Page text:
Richard Cordray, appointed by then-President Obama in 2011 as the first director of the Consumer Financial Protection Bureau, thinks California is on the right track in creating its own watchdog agency.
"This is a commendably bold step," he told me. "It will put California at the forefront of consumer financial protection at the state level."
Gov. Gavin Newsom is proposing creation of a state Department of Financial Protection and Innovation, to be built atop the existing Department of Business Oversight, which has limited jurisdiction over financial firms.
The move, Newsom told me, is a response to efforts by the Trump administration to roll back federal financial safeguards and refocus the CFPB on educational outreach rather than law enforcement.
"As the Trump administration undermines and weakens the rules that protect consumers from predatory businesses, California is filling the void and stepping up to protect families and consumers," the governor said.
Cordray, who led the CFPB until 2017 and was at odds with President Trump over the agency's role in overseeing banks and other firms, said that by stepping up, California will serve as an example to other states seeking to protect consumers from potentially abusive practices.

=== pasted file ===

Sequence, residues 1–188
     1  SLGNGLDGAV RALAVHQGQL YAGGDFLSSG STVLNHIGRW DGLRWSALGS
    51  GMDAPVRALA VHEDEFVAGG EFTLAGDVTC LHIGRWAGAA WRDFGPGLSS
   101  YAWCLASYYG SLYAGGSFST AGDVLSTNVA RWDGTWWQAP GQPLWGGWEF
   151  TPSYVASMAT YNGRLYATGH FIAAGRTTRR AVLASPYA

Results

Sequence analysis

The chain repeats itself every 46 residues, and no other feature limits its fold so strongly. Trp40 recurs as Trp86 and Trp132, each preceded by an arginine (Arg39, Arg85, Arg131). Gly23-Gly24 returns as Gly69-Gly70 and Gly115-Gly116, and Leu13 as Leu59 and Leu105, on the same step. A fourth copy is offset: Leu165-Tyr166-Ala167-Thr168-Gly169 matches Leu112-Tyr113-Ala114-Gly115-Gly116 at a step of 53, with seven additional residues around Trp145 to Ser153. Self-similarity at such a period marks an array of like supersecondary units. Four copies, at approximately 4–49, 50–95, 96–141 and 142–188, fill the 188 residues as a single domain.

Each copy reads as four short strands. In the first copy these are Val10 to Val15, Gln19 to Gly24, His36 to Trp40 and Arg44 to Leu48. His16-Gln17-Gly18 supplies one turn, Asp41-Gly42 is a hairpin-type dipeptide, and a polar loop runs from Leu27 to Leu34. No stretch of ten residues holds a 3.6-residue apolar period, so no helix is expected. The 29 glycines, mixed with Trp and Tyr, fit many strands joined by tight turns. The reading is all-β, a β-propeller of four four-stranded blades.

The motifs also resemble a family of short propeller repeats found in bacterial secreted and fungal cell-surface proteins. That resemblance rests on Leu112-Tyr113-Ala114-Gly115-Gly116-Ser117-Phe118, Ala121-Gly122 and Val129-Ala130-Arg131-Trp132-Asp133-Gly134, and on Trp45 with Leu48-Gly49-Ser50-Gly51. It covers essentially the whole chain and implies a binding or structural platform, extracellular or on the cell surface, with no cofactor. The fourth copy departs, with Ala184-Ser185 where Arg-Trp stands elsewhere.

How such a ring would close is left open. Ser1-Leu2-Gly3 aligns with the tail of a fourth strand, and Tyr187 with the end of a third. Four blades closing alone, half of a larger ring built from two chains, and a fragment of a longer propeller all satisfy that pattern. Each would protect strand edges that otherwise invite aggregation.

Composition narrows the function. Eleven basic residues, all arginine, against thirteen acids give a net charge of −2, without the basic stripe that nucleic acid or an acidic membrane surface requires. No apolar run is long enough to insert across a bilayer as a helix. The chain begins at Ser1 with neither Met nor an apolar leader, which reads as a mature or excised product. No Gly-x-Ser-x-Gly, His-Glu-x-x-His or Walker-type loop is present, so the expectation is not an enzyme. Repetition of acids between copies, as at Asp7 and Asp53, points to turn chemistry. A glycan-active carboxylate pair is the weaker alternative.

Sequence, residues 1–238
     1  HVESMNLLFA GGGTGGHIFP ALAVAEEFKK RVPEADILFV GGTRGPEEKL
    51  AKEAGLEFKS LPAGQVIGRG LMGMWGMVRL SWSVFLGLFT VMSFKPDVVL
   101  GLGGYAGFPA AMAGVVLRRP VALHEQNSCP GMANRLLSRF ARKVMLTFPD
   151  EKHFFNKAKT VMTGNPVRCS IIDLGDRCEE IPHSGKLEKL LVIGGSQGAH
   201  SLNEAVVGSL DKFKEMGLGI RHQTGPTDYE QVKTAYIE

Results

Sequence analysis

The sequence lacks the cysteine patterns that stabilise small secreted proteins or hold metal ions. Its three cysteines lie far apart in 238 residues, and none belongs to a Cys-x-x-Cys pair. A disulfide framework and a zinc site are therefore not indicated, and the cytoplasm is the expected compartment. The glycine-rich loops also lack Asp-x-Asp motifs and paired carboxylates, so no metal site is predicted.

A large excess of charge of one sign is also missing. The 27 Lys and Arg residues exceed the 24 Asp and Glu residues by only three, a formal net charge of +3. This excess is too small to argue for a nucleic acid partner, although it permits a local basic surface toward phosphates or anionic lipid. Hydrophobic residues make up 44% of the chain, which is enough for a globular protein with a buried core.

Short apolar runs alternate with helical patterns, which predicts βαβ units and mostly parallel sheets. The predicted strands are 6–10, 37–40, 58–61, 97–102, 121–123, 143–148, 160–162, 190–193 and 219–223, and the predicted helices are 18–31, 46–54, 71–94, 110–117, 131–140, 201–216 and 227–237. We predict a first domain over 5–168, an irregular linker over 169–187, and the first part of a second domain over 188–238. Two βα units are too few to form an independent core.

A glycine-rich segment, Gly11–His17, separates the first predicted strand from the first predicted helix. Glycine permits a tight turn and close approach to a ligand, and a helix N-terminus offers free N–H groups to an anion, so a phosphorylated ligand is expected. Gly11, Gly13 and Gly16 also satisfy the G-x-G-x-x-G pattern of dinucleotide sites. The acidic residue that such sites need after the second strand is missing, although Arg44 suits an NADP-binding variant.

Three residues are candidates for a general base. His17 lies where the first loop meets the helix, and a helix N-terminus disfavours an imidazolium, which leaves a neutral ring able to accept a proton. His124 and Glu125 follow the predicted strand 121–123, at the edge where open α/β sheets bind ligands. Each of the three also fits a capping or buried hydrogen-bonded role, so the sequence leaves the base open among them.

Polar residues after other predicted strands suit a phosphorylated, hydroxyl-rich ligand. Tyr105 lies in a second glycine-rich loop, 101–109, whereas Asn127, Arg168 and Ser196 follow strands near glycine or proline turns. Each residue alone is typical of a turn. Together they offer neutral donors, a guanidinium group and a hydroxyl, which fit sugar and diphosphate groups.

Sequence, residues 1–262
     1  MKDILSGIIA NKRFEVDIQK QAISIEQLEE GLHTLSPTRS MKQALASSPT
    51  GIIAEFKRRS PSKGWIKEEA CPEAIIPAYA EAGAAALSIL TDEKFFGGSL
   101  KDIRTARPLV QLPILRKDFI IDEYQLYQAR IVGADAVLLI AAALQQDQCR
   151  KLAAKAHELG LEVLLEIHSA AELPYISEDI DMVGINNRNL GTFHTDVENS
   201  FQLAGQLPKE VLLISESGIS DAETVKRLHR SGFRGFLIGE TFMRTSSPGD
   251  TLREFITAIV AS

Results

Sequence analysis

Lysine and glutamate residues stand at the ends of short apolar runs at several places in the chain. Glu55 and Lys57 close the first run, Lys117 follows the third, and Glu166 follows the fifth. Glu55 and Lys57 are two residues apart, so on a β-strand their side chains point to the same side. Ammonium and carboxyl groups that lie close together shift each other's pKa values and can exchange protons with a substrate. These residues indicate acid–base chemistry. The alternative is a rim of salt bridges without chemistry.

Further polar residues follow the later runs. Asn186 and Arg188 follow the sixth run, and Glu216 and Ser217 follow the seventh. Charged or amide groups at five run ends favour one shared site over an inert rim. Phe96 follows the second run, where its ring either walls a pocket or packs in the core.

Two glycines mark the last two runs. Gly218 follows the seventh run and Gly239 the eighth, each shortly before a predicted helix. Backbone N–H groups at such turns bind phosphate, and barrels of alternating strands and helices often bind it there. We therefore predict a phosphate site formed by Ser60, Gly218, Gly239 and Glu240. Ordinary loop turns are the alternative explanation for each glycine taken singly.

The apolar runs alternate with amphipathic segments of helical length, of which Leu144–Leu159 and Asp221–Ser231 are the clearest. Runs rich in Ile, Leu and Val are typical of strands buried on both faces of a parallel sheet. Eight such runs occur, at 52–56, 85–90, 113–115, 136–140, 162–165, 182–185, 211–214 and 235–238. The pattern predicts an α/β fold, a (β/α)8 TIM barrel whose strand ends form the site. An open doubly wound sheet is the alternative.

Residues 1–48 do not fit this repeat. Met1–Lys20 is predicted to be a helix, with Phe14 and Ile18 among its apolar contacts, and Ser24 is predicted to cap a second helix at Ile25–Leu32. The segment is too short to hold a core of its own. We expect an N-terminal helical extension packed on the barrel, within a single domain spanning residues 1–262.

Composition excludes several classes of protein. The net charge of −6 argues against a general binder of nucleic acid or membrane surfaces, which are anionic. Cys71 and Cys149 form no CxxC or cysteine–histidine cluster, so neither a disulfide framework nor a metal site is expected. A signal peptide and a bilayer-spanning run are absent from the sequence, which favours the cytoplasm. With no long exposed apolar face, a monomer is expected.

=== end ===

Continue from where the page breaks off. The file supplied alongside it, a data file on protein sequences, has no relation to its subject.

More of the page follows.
California's financial oversight also will influence financial companies to straighten up and fly right nationwide, he said, noting that the state plays a similarly outsized role with its strict environmental and privacy rules.
"When California makes something a priority, national companies need to respond," Cordray observed. "California is too big, and it makes no sense to have different practices in different states."
As I reported last week, Newsom's proposed Department of Financial Protection and Innovation is a much-needed remedy to Trump's systematic dismantling of federal consumer regulations.
A study last year from the Consumer Federation of America found the CFPB's enforcement activity had plunged by 80% from 2015, when the agency was at the height of its power. Average compensation to aggrieved consumers was down by 96% per case.